1. Connect the motorized wall component using screws and a screwdriver.
2. Slide the braces of the chassis into the base.
3. Connect the chassis braces using screws and a screwdriver.
4. Build the wall by connecting the pre-made structure. Start with a base.
5. Make the connections using a socket wrench, bolts and washers.
6. Connect the drawers and cabinets by clicking in pre-made hardware and screw them in using a drill/driver.
7. Screw in bed slats using screws and a drill/driver.
1. For small cracks and holes, Tom recommends a patching spackle that can be applied easily using a small putty knife. Spackles are generally applied in one coat and then lightly sanded before repainting.
2. For a larger hole, Tom uses an adhesive metal patch that can be cut to size for reinforcement.
3. He uses a putty knife to spread a thin layer of joint compound over the metal patch. Tom suggests building up many thin layers of joint compound with adequate dry time in between, rather than building up the joint compound too heavy and risk cracks.
4. Later in the workshop, Tom shows another technique for patching a larger hole using a spare piece of drywall. Using a utility knife, Tom cuts a square piece of drywall larger than the hole he needs to patch.
5. He then traces that piece over the hole and cuts the outline on the wall using a jab saw.
6. Tom inserts a piece of scrap wood in the hole to act as reinforcement and screws it down using a drill/driver. He then screws the drywall patch to the wood using a drill/driver.
7. Tom tapes around the perimeter of the drywall patch using drywall tape.
8. Finally, he covers the entire patch with a thin layer of joint compound. Just like on the other patch, he recommends many thin layers of joint compound versus one heavy one.
Steps for How to Choose a Countertop
1. Visit a showroom that has full-scale kitchens on displays. There you’ll see various countertop materials in realistic kitchen settings.
2. Laminate counters are composed of thin sheets of plastic laminate glued to a particleboard substrate.
3. Plastic laminate comes in a wide range of solid colors and patterns, including ones that resemble stone.
4. Wood counters are available in several hardwood species, including teak and maple.
5. Don’t use wood counters near sinks or other wet areas.
6. Natural stone counters are cut from granite, marble, soapstone, limestone, sandstone, and slate, to name a few.
7. Note that natural stone is porous, so it must be sealed regularly to prevent staining.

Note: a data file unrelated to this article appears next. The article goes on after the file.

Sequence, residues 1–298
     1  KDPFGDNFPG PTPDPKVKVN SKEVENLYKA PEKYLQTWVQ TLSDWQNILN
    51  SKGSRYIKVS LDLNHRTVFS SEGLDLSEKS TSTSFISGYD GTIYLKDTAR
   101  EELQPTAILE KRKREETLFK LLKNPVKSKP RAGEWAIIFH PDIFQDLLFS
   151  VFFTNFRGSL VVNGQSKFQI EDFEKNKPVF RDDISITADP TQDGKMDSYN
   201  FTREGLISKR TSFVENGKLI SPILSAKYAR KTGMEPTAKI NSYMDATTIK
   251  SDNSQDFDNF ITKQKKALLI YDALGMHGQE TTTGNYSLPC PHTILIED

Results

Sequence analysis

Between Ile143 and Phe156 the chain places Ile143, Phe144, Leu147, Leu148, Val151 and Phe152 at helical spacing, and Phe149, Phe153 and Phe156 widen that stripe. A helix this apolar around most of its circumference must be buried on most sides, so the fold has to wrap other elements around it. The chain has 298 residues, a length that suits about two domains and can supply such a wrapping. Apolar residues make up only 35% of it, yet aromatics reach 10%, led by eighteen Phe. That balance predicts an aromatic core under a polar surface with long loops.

8. An alternative to natural stone is an engineered product called quartz composite. It’s extremely hard and more stain-resistant that natural stone.
9. If you’re interested in a natural stone counter, visit a stone fabrication yard and view the full-size slabs in person.
10. Marble is a popular countertop material, but because it’s calcium-based, it’s softer and less scratch-resistant than granite. Marble must also be sealed more often.
11. Marble can be factory-sealed prior to fabrication, which dramatically increases its stain resistance.
12. The marble slab is placed in an oven and warmed to open up its pores.
13. Next, liquid penetrating sealer is sprayed onto the warm surface, and then buffing wheels evenly distribute the sealer and force it deep into the surface of the marble.
1. Richard discusses the options for the latest laundry appliance technology.
2. Richard shows off a top-loading washer. It’s the most commonly used, but highly inefficient. It doesn’t leave clothes very dry which means more electricity costs when it comes to the dryer. Richard also explains the top loader uses 40 gallons of water to wash one large load of laundry.
3. Richard then shows off a high-efficiency top loading model of washer. It does not include a center agitator and has a high-efficiency motor. Per load, this model uses 17 gallons of water.
4. Finally, Richard shows off a high-efficiency front-loading model that has a second washer below the larger one. It has double the capacity and uses only 13 gallons of water per load. Less than half of the typical washer.
5. For the installation, set down the bottom portion of the dryer and adjust the knobs at the bottom to make it level on the floor.
6. Place the top of the dryer on the base.
7. Connect the exhaust hose to the back of the dryer and tighten the clamp using a screwdriver to keep it in place.
8. Plug the dryer into a 220-volt outlet.
9. Level the pedestal washer, once again using the knobs on the base.
10. Place the washing machine on top of the pedestal washer and secure with screws.
11. Connect bronze splitters to main water connections.
12. Connect stainless steel braided hoses to the splitters and to the inlets on the washing machine.
13. Snug up the connections using an adjustable wrench or pliers.
14. Connect the discharges from both washing machines to a laundry basin or a stand pipe drain.
15. Plug the washing machines in to a standard receptacle.
Shopping List for How to Install Kitchen Cabinets:
– Kitchen cabinets
– 3-inch screws, to fasten cabinets to walls
– Wood shims, for leveling and plumbing cabinets
– 2×4 blocking, to secure peninsula or island cabinets
Tools for How to Install Kitchen Cabinets:
– 2-foot and 6-foot levels, for determining level and plumb alignment
– Tape measure
– Screwdriver, to unscrew doors
– Cordless drill, for drilling holes
– Impact driver, to drive screws
– Utility knife, for trimming shims
Steps for How to Install Kitchen Cabinets:
1. Check the ceiling for level in two directions. If it’s out of level, find the low spot and use it as the measuring reference point.